Facial Recognition Scoreboard

Does your congressperson support a facial recognition ban?

The scoreboard allows people to see who is supporting a recently introduced facial recognition bill.


Andrew Wyrich


A new scoreboard built by a coalition of advocacy groups shows which members of Congress have lent their support to a bill that would ban government and law enforcement use of facial recognition technology.

Last month, a group of senators and members of the House of Representatives unveiled the “Facial Recognition and Biometric Technology Moratorium Act,” which would ban the use of facial recognition by federal entities until an act of Congress ended the moratorium.

The bill would also block federal funding for state or local governments that use the technology during the moratorium.

Currently only 15 members of Congress have expressed support for the bill.

The technology’s use by police and the government has received renewed scrutiny amid protests against police brutality and racism in the wake of the police killing of George Floyd. Facial recognition technology has been found to have a racial bias.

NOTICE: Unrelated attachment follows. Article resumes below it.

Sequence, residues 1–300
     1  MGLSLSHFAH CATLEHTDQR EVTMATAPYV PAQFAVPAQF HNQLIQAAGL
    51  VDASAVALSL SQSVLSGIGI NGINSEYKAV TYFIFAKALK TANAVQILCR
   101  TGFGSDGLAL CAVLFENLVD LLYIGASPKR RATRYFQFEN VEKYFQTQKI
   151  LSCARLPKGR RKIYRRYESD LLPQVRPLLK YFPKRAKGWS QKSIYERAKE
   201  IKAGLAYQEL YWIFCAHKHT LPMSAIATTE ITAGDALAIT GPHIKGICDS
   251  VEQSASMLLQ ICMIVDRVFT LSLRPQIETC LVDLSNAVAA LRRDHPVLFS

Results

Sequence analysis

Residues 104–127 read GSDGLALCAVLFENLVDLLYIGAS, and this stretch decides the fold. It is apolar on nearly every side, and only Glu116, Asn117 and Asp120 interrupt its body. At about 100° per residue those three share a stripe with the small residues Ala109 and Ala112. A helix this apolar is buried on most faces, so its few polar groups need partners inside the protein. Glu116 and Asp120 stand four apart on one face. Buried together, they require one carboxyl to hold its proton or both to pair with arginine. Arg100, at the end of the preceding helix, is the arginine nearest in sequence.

The scoreboard was launched on Wednesday by more than 40 groups who have long sounded the alarm about facial recognition’s use by government and law enforcement, including: Fight for the Future, Media Justice, Color of Change, Demand Progress, 18 Million Rising, and others.

Those groups endorsed the legislation when it was unveiled last month, and now are pushing people to have their local lawmakers do the same.

The scoreboard allows users to search for their state and see what senators or representatives have announced their support for the bill.

It also directs them to an option to tweet at a lawmaker who hasn’t endorsed the bill and ask them to do so.

“Lawmakers can’t claim to care about civil liberties, freedom, democracy, racial justice, or human rights if they aren’t supporting this common-sense legislation to stop the use of biased and invasive surveillance technology,” Evan Greer, deputy director of Fight for the Future, said in a statement.

The scoreboard is similar to one launched in 2018 to drum up support for Congress to overturn the Federal Communications Commission’s (FCC) repeal of net neutrality.


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